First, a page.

British Fiction, 18001829

ANON. Anne of Brittanny (1810)

Contemporary Reviews

Critical Review, 3rd ser. 20 (Aug 1810): 442–43.

The author of this romance endeavours in the preface to combat the objections which are invariably made to all heterogeneous mixtures of history with fiction, by asserting that history is rendered more interesting when ‘ornamented and touched by the magic of fancy.’ The writer also imagines that those who are ignorant of the facts, on which a romance may be founded, may be induced to search the pages of history to convince themselves how far the author of it has adhered to the truth, or trespassed on the credulity of the reader. [442/443] Many lovers of romance are too apt to take all they peruse for granted, and are too much delighted with the fiction, to trouble themselves to discover whether or not the author has adhered to the canons of historical truth. As the great requisite in history is truth, we do not see how the interest of truth is to be increased by being blended with lies; and we fear that those who peruse with great avidity the fictions of the novelist, will soon lose all relish for the dry details of the historian.

But to turn to the romance. Anne of Brittanny is not devoid of interest as far as the author follows the thread of history, to which he, for the most part, faithfully adheres. The only romance, if romance it may be termed, is the constant and ardent attachment, pourtrayed between Anne of Brittanny and Louis de Valois, duke of Orleans, which is preserved in spite of various trials, disappointments, and court intrigues. The character of Anne is very pleasing, and forms a good contrast with that of the lady of Beaujeu, the regent of France. The former combines all the softness, elegance, and amiability of private life, with the chastened dignity of majesty. In the latter we observe the malignity, the intriguing and revengeful disposition for which she was so notorious. The description of the tournaments and court amusements are the same as in other romances of this species. We have shivered lances and disarmed knights, and tokens of merit bestowed, in the usual way, by the fair hands of the lady appointed on these occasions. Our author (whether male of female) has evinced much taste in his manner of dressing the captivating Anne of Brittanny; the description of which will not only amuse, but aid the taste of many of our beautiful countrywomen. This little work is well written, and does not weary by its length. We cannot say that it excites much interest by its novelty; but it certainly does not offend by its grossness or immorality. On the contrary, the interview which takes place between Anne of Brittanny and the duke of Orleans her lover, is managed with great delicacy and propriety. The noble act of sacrificing our own wishes for the good of others, is well exemplified in the character of Anne, who is afterwards rewarded for her generous conduct by her union with the man whom she so faithfully loved, and whom she had before given up for the welfare of her country.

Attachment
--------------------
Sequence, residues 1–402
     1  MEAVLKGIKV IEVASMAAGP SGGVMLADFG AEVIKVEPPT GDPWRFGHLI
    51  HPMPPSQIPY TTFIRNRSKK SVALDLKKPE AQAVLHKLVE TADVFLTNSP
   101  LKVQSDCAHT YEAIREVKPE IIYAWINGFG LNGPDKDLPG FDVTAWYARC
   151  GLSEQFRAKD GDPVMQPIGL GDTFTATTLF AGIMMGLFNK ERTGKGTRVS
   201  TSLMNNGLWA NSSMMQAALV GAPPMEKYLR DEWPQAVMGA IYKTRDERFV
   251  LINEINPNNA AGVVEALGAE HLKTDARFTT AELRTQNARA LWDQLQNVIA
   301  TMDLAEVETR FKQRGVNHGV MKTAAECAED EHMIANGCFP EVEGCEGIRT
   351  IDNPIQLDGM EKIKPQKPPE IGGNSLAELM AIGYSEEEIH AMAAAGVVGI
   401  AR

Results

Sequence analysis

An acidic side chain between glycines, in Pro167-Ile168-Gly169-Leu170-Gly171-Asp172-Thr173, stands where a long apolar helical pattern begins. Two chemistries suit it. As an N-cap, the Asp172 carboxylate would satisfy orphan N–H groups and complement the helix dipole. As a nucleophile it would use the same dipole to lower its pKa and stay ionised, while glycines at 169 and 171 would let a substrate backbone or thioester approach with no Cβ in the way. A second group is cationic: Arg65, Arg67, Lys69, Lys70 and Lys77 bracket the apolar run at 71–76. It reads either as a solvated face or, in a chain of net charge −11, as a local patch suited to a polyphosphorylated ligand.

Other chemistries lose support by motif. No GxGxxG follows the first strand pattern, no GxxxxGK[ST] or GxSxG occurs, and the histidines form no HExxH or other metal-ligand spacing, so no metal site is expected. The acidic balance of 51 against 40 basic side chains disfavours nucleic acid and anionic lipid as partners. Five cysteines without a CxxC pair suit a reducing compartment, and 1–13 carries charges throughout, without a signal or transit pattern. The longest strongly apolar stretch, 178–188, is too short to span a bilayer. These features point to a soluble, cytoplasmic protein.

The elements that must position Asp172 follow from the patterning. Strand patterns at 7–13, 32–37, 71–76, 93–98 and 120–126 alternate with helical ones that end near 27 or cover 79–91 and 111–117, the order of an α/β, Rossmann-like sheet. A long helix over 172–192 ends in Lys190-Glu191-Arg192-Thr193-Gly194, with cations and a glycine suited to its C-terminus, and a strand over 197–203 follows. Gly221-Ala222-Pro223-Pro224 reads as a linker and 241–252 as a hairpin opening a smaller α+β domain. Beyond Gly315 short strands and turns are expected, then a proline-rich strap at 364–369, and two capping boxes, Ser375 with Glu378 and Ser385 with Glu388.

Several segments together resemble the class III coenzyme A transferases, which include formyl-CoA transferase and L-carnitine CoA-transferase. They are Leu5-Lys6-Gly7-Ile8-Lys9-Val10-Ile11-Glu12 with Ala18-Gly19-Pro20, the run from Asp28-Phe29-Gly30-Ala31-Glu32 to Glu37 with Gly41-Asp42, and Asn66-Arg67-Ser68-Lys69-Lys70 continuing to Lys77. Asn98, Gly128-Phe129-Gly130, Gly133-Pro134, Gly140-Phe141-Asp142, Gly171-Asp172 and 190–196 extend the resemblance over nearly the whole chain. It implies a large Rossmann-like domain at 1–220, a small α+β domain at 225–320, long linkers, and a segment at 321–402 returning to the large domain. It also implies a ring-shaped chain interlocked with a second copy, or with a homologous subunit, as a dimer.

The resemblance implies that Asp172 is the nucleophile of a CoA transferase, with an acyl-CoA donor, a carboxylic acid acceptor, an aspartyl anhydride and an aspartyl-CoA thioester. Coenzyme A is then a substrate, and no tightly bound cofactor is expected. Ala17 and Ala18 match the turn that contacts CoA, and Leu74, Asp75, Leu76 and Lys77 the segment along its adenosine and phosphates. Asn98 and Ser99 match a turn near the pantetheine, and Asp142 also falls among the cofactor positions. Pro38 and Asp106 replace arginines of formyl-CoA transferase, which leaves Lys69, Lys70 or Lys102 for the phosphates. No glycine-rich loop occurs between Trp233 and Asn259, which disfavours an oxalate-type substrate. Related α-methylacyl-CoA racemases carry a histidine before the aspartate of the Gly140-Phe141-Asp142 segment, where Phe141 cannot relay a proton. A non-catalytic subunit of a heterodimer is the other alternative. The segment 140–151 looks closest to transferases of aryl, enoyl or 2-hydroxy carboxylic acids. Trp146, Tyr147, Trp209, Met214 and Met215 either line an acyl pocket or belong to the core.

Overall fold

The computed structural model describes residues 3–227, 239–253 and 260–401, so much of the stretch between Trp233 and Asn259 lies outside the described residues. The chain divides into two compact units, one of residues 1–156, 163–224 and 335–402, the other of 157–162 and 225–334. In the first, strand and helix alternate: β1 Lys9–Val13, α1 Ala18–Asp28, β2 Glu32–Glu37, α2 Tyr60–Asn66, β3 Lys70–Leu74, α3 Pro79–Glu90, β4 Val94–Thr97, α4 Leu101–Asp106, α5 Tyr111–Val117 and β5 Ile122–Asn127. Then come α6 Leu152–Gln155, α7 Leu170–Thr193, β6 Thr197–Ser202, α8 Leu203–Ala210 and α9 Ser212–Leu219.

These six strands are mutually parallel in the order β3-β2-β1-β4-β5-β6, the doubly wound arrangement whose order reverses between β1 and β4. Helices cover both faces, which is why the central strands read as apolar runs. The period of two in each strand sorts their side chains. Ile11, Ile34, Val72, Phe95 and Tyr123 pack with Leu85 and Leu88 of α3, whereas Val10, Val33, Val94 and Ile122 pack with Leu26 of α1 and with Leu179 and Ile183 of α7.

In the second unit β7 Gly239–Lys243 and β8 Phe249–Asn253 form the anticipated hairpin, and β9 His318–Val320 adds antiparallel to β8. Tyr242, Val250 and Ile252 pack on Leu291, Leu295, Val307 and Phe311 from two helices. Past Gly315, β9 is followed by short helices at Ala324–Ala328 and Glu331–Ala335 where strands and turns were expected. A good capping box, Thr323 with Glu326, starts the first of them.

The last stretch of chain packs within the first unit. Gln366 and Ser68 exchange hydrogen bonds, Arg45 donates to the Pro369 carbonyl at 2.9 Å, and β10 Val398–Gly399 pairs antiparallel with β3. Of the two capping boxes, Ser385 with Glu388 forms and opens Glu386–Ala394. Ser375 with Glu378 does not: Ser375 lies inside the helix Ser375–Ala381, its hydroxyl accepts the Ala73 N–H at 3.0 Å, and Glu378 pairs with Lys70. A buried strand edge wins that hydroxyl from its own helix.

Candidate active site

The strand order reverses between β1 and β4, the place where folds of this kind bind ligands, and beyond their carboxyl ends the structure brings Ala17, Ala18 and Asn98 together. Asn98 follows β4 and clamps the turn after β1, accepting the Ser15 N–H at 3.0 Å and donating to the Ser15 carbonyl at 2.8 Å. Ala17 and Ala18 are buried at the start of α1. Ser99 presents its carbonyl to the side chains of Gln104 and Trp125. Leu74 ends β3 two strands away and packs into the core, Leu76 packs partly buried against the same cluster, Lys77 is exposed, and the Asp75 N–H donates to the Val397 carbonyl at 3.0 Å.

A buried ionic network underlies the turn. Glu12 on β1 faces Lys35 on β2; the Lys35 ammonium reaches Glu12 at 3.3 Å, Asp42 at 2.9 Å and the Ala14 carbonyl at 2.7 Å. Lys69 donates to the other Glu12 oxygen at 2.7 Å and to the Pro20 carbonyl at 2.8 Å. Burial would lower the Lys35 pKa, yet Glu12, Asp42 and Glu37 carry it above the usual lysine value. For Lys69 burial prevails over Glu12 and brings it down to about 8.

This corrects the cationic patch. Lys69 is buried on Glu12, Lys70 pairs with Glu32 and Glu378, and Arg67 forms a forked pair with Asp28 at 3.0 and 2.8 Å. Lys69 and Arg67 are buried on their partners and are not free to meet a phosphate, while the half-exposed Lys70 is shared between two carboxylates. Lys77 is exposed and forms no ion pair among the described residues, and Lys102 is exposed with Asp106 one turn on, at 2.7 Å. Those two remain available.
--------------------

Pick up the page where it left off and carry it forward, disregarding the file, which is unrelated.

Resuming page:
Notes: Listed under ‘Monthly Catalogue: Novels’. Format: 3 vols; price 13s. 6d. Publisher: Cradock.

Monthly Review, 2nd ser. 63 (Oct 1810): 210.

Although we are not quite convinced by the ingenious arguments in favour of historical romances which are contained in the preface to these volumes, we do not hesitate to acknowledge that the present performance is one of the most pleasing and rational publications of this description which we have lately had occasion to notice. The language is elegant, the plot is founded on an interesting portion of the French history, and the author has shewn good taste and consistency, as well in the selection as in the invention of the incidents.

Notes: Listed under ‘Monthly Catalogue: Novels’. Format: 3 vols 12mo; price 13s. 6d. Boards. Publisher: Cradock & Joy.

Print | Close


© 2004 Project Director: Professor Peter Garside;
Research Associates: Dr Jacqueline Belanger, Dr Sharon Ragaz;
Database/Website Developer: Dr Anthony Mandal